The Philippine Space Agency (PhilSA) and the International Water Management Institute (IWMI) organized a consultative workshop to promote and support multiscale, multilevel, and multisector policy development focused on groups that are most vulnerable to climate change such as small-scale farmers, women, the youth, and other disadvantaged sectors. Representatives from PhilSA, the Department of Interior and Local Government (DILG), Department of Environment and Natural Resources Mines and Geosciences Bureau (DENR-MGB), Philippine Atmospheric, Geophysical, and Astronomical Services Administration (PAGASA), National Mapping and Resource Information Authority (NAMRIA), UP Resilience Institute, and Philippine Red Cross participated in the workshop held at PhilSA Eastwood City office on 07 December. The CGIAR Climate Resilience Initiative, “Building Systemic Resilience against Climate Variability and Extremes,” or ClimBeR, facilitated the session. ClimBeR aims to address climate challenges by delivering science and innovation to improve food, land, and water systems, and increase the capacity for climate adaptation of six (6) identified climate hotspots: Guatemala, Kenya, Morocco, the Philippines, Senegal, and Zambia.
The workshop covered the development of climate information dashboards, AWARE (Early Warning Early Action Early Finance), and ClimaAdapt-Gov. AWARE is an open-source collaborative tool that aims to increase food and nutrition security among vulnerable households. Among the features of AWARE are key early-warning indicators from government agencies, and an accountability framework defining the roles and responsibilities of key actors in the humanitarian community to tighten the link between early warning and response.
Dr. Giriraj Amarnath, IWMI Principal Researcher and ClimBeR Lead for the Government for Resilience focus area underscored the importance of the tool, especially when allocating funds for response efforts. He cited instances where government authorities come up with arbitrary requests for billions in disaster response and management funding without sufficient basis: “Without having good data, without having good information, politically, people make a decision.” Such leads to a “failure in investment priorities,” Dr. Amarnath adds. Data indicators on climate, market, health, nutrition, and population displacement will be made available on the AWARE platform.
ClimBeR is also building the ClimaAdapt-Gov database, designed for high-level policy-making to empower farmers and communities through science-supported bottom-up planning and implementation of integrated climate water risk management interventions. One key feature of the dashboard is its tracking tool for funding allocation and utilization.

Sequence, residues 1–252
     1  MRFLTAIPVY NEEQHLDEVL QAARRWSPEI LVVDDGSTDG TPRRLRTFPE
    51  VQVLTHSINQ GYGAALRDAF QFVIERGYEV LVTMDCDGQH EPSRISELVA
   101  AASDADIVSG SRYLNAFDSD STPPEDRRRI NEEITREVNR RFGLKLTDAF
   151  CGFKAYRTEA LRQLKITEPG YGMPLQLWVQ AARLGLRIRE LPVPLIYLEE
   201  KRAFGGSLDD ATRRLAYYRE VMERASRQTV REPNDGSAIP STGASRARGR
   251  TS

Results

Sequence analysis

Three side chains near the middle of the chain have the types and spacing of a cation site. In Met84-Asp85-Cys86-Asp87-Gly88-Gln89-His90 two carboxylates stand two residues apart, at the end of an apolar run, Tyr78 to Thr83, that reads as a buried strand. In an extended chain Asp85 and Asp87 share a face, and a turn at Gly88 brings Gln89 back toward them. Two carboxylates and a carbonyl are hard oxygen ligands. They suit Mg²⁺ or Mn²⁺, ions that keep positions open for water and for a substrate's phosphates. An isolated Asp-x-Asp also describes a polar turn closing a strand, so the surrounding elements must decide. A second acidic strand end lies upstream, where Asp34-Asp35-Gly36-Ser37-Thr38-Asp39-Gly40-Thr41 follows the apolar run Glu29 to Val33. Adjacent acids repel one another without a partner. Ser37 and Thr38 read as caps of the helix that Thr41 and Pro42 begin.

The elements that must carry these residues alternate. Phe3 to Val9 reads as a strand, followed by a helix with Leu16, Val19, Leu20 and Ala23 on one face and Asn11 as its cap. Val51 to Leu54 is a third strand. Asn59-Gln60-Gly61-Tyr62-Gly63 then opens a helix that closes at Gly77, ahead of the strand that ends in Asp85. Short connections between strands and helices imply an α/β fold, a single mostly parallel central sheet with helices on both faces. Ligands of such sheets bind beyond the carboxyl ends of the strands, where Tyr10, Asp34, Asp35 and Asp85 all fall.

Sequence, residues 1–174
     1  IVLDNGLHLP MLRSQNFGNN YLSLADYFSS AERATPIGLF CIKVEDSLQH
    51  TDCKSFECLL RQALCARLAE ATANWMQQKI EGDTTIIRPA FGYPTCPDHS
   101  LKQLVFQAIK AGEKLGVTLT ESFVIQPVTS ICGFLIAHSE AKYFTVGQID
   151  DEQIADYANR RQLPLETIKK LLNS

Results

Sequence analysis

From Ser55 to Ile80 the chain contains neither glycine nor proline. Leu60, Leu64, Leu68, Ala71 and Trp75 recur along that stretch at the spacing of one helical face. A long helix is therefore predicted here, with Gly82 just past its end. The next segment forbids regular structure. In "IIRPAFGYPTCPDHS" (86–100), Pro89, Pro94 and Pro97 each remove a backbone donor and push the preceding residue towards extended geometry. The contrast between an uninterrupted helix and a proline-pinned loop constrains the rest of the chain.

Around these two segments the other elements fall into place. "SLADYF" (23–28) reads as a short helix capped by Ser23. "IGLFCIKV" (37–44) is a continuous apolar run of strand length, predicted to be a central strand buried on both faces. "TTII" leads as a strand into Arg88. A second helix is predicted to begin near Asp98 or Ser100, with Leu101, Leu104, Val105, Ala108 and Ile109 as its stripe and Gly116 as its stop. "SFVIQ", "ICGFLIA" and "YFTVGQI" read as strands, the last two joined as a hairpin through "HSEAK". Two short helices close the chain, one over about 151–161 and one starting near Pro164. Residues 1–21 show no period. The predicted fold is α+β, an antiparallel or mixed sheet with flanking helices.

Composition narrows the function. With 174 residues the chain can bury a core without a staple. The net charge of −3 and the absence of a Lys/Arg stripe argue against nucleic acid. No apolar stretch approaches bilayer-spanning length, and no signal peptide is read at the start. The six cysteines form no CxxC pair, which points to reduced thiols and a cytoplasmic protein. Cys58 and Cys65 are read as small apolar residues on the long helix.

“Often, the case is, funds are allocated but it is not utilized. There are a lot of challenges in implementing the projects on the government side…Most of the time, the project is evaluated based on expenditure. Even if the cabinet has approved the budget, if the ministry of the national institution doesn’t spend, it means you didn’t do any activity,” Dr. Amarnath explains. Through ClimaAdapt-Gov, the progress of institutional projects in line with sustainable development goals (SDGs) can also be monitored. AWARE and ClimaAdapt-Gov are envisioned to be in regular use in ClimBeR countries by 2023. By 2024, through climate science and sustained engagement with relevant sectors in the climate hotspots, ClimBeR hopes to encourage new climate adaptation investments by the national, regional, and global agencies amounting to 5 to 7 million USD.
PhilSA is set to participate in ClimBeR. Prior to this, PhilSA has been actively assisting the government and the private sector in using information from space for climate resilience. This is in line with its mandate under RA 11363, or the Phillippine Space Act, to improve public access and resource sharing of space assets and information to enable government agencies and private institutions to deliver better services. Data from space provide actionable information for disaster responders, policy-makers, and vulnerable communities to better adapt, prepare, and come up with more effective and innovative efforts to mitigate the impacts of climate change.
PhilSA is also developing the Multispectral Unit for Land Assessment or MULA satellite – the biggest Earth observation satellite being built by the Philippines to date, capable of capturing 5m resolution images covering around 73-thousand square kilometers in 24 hours. Data from MULA are envisioned to contribute to the country’s food security, disaster resilience, environment conservation, and national security.